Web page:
One of the most fun activities to have with homeschooled children is to get them writing. There are hundreds of writing ideas and tips that can keep the ideas flowing and the fun expanding. Here are just a few of these ideas.
1. Newspapers: The newspaper is a great location for ideas. Have your kids look at the headlines and then write their own stories about what they think the headlines are reporting. Have them take a picture and write a story around that picture.
2. Script: Write and perform a script for a puppet show or a play.
3. Journaling: Give the kids 10 minutes each day to write in their journals. You can either say that you will collect these journals and look at them, or you may decide that this is free writing for the kids and that you won’t look at it.
These are just a few of the ways to get the kids glued to their classroom furnitureand enjoying the writing process during their day.
Learn with Bekki Sayler how to have it all when you homeschool. Homeschooling parents need to be incredibly organized, and Bekki helps you to see how to get it all done.
While the homeschooling debate rages at all times, it’s important to take a look at the facts. Many people who send their children to traditional school environments assume that the homeschoolers never sit at school desks and never have any traditional learning time. This is, of course, not true.
Take a look at this chart to see the comparison between home schooled children and their school-going counterparts. It’s fascinating to see how they do with their graduation rates, their test scores and more. Check it out and have the facts before forming an opinion about home schooling.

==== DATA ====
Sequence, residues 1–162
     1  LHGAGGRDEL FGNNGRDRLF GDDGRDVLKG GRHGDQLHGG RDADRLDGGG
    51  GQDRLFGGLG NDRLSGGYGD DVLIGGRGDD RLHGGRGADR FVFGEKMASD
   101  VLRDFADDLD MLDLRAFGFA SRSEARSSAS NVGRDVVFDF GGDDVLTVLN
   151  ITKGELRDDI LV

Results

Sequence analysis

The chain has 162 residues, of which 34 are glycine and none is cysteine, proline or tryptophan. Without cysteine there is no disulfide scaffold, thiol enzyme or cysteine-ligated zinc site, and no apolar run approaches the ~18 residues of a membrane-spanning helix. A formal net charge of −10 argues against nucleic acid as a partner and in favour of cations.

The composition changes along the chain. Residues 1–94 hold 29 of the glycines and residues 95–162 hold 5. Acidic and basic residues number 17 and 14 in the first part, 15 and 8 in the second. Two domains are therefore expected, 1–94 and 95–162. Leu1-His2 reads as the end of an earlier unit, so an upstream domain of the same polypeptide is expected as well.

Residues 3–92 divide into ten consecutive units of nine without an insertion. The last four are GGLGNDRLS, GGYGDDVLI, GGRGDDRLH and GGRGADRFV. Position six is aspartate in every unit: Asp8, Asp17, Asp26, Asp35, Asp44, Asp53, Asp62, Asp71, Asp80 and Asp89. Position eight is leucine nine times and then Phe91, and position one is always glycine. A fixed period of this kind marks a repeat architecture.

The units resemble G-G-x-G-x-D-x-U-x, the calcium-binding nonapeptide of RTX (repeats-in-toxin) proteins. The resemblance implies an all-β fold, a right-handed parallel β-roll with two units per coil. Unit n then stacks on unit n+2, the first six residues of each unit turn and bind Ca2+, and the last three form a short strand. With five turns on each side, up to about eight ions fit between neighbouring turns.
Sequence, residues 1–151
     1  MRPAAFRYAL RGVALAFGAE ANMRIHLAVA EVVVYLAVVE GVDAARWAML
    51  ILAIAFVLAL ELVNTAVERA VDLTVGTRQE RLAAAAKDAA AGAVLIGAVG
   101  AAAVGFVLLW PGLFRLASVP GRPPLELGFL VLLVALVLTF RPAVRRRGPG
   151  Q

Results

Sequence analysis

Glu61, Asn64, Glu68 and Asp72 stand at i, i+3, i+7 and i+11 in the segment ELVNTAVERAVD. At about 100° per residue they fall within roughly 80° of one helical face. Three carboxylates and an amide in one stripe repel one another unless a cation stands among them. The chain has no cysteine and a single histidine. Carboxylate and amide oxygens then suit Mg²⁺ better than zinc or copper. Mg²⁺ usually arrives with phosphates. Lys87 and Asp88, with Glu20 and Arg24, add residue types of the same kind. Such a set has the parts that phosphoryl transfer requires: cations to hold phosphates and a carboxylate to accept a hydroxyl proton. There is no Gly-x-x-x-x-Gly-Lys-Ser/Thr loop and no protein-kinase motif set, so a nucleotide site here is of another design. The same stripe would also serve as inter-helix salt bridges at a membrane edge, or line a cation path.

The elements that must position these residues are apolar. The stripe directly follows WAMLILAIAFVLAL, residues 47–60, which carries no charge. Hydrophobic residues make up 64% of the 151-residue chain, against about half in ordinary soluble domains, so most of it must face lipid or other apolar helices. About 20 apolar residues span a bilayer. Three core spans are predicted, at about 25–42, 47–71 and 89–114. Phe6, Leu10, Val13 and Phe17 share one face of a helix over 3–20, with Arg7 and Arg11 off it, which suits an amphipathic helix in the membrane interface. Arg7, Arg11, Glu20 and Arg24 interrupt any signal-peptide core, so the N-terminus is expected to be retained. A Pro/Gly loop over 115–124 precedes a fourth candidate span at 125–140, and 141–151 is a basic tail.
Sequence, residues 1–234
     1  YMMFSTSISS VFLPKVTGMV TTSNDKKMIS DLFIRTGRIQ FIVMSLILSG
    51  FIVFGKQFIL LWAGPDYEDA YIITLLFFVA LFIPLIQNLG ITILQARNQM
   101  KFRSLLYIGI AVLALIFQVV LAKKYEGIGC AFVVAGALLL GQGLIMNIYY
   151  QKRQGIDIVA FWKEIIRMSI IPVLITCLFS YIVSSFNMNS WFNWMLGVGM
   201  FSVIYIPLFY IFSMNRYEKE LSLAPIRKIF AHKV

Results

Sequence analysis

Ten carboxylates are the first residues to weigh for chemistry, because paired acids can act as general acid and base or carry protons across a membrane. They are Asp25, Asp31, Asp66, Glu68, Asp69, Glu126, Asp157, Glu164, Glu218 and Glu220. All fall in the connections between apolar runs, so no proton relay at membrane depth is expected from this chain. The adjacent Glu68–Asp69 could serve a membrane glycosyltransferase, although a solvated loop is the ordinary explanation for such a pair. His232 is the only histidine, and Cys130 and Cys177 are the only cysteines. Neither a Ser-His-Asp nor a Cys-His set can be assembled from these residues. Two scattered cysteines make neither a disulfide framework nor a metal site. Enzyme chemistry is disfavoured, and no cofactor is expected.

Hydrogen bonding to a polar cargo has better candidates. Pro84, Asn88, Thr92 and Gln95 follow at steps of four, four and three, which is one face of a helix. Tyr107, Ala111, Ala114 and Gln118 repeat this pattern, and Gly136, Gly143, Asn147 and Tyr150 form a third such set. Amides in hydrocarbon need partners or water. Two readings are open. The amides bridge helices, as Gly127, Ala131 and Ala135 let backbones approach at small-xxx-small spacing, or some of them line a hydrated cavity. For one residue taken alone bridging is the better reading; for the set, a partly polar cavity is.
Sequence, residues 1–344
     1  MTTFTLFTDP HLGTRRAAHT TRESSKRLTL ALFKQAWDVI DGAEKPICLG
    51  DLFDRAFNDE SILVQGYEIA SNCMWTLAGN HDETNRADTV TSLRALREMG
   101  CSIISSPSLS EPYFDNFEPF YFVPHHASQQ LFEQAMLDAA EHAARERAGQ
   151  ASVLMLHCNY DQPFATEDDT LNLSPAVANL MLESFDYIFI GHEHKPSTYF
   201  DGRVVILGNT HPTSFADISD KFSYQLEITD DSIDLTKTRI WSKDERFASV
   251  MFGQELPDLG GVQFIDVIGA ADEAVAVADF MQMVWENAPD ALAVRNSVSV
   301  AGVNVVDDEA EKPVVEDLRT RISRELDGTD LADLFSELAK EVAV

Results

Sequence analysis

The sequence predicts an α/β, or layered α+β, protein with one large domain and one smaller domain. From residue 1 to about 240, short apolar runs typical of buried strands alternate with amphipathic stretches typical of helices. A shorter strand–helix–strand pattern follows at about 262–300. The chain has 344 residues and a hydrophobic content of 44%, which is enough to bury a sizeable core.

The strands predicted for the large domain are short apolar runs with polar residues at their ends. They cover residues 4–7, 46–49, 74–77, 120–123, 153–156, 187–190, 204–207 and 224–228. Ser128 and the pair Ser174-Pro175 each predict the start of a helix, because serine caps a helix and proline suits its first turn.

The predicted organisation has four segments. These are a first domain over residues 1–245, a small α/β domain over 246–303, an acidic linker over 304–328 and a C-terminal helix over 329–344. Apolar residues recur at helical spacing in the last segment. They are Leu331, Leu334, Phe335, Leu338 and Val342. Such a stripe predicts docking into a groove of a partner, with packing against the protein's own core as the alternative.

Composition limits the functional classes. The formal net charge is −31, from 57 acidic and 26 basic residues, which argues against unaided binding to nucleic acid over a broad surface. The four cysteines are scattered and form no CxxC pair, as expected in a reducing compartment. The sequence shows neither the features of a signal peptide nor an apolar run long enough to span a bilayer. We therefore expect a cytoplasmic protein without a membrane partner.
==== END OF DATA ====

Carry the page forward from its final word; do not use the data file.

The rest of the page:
This is a great video for anyone considering homeschooling. It offers you concrete suggestions and ways to get started.
Contrary to popular belief, attending school is not a legal requirement in the U.S. All children must be educated, however. KidsHealth.org explains that “when parents believe their can give their children a better education- or have other reasons for not wanting to send their kids to a local school (religious instruction, for example)- they may choose homeschooling.”
A common misconception is that homeschooling is easier and less demanding than regular schooling. However, the opposite is often true. Though home-based education is less traditional, the material covered is the same as that in a regular classroom. Sometimes, the level of education is even higher, depending on the instructing parents or tutors. Homeschooling does tend to be more hands-on, with an increased number of field trips, science experiments and crafts. The environment often changes as well, ranging from a school desk at home to a creek or forest to a local library or museum.